United States of America
N38 1 58 W78 30 14
Date of Inscription: 1987
Minor boundary modification inscribed year: 2015
Property : 795.96 ha
Thomas Jefferson (1743–1826), author of the American Declaration of Independence and third president of the United States, was also a talented architect of neoclassical buildings. He designed Monticello (1769–1809), his plantation home, and his ideal ‘academical village’ (1817–26), which is still the heart of the University of Virginia. Jefferson’s use of an architectural vocabulary based upon classical antiquity symbolizes both the aspirations of the new American republic as the inheritor of European tradition and the cultural experimentation that could be expected as the country matured.
Monticello was the plantation home of Thomas Jefferson (1743–1826), author of the American Declaration of Independence and third President of the United States. He designed both the plantation home (1769–1809) and his ideal Academical Village (1817–28) situated eight km away in Charlottesville, in central Virginia. The Academical Village still forms the heart of the University of Virginia, and exhibits a unique U-shaped plan dominated by the Rotunda with pavilions, hotels, student rooms, and gardens arrayed in rows to its south. The buildings are excellent and highly personalized examples of Neoclassicism, shown in their relationship to the natural setting and their blending of functionalism and symbolism. They were inspired by deep study of classical and contemporary examples and reflect Jefferson’s aspirations for the character of the new American republic. Both works have drawn international attention from the time of their construction.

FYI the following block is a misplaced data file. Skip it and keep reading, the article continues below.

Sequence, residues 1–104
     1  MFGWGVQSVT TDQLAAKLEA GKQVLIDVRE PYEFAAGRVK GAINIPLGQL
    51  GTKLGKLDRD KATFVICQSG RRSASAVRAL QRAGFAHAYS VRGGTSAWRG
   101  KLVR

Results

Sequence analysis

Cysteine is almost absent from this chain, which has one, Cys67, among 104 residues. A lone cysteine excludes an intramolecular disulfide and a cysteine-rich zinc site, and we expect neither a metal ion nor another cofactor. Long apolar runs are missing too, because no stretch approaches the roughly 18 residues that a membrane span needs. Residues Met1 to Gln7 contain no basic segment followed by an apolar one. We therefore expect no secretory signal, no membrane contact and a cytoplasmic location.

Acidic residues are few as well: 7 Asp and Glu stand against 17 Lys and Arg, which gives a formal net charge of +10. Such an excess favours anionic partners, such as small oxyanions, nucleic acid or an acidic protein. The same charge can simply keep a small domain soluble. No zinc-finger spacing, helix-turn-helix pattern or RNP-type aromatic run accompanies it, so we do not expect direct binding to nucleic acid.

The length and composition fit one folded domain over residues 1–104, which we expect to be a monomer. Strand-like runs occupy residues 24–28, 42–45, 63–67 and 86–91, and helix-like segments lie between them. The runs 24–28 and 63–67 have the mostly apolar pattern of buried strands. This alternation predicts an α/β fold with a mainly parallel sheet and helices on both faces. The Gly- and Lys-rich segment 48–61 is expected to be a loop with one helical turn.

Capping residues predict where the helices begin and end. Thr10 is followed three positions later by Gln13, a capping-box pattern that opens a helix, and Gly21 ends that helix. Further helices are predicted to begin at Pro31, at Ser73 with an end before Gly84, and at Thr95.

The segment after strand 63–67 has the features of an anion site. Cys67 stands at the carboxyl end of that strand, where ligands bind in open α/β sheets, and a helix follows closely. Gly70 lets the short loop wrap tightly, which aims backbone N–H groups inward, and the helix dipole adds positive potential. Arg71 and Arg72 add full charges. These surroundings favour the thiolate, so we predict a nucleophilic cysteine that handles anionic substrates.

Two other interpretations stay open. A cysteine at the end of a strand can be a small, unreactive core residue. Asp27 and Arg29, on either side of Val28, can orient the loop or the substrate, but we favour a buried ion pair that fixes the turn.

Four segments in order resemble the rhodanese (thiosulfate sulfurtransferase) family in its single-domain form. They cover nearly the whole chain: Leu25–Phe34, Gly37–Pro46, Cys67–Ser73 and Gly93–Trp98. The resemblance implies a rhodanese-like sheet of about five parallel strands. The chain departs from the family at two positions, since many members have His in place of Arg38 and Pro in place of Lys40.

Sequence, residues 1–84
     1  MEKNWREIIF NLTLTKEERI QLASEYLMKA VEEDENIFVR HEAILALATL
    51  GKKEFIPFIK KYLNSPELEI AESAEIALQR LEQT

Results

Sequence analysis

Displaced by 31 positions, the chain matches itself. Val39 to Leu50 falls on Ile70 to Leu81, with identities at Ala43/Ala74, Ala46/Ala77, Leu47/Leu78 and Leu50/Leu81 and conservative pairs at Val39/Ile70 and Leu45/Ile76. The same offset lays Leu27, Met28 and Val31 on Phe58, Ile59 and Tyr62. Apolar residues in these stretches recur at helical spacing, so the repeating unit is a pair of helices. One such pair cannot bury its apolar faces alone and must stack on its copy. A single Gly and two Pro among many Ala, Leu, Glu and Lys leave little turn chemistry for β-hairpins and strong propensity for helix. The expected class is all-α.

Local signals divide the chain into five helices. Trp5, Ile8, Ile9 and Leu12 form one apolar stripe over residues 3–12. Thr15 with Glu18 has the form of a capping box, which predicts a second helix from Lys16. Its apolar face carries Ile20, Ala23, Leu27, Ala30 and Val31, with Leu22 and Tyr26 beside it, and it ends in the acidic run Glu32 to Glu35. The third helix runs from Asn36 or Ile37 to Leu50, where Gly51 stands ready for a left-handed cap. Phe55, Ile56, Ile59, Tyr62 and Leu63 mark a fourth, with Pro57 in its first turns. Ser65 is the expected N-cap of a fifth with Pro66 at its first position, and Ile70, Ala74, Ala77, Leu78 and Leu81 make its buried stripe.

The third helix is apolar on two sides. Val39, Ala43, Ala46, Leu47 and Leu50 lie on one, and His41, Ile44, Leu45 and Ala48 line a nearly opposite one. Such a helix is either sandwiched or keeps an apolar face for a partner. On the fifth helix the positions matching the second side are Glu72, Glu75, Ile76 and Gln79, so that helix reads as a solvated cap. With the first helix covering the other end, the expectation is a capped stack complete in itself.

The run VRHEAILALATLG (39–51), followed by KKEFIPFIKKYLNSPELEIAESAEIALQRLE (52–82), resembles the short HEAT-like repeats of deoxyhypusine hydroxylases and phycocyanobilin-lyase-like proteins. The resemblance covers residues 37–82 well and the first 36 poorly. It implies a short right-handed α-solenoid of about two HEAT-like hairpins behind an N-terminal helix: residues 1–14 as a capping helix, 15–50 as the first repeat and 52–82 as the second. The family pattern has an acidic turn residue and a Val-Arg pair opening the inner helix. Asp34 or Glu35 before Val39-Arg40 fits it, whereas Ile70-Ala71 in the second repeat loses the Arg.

Jefferson’s Monticello and his Academical Village precinct are notable for the originality of their plans and designs and for the refinement of their proportions and décor. His house at Monticello, with its dome, porticos supported by Doric columns, and cornices and friezes derived from classical Roman buildings, and his Academical Village, with its Rotunda modeled on the Pantheon and its ten pavilions each offering a different lesson in the classical orders and architecture as drawn from published classical models, together invoke the ideals of ancient Rome regarding freedom, nobility, self-determination, and prosperity linked to education and agricultural values.
Criterion (i): Both Monticello and the University of Virginia reflect Jefferson’s wide reading of classical and later works on architecture and design and also his careful study of the architecture of late 18th-century Europe. As such they illustrate his wide diversity of interests.
Criterion (iv): With these buildings Thomas Jefferson made a significant contribution to Neoclassicism, the 18th-century movement that adapted the forms and details of classical architecture to contemporary buildings.
Criterion (vi): Monticello and the key buildings of the University of Virginia are directly and materially associated with the ideas and ideals of Thomas Jefferson. Both the University buildings and Monticello were directly inspired by principles derived from his deep knowledge of classical architecture and philosophy.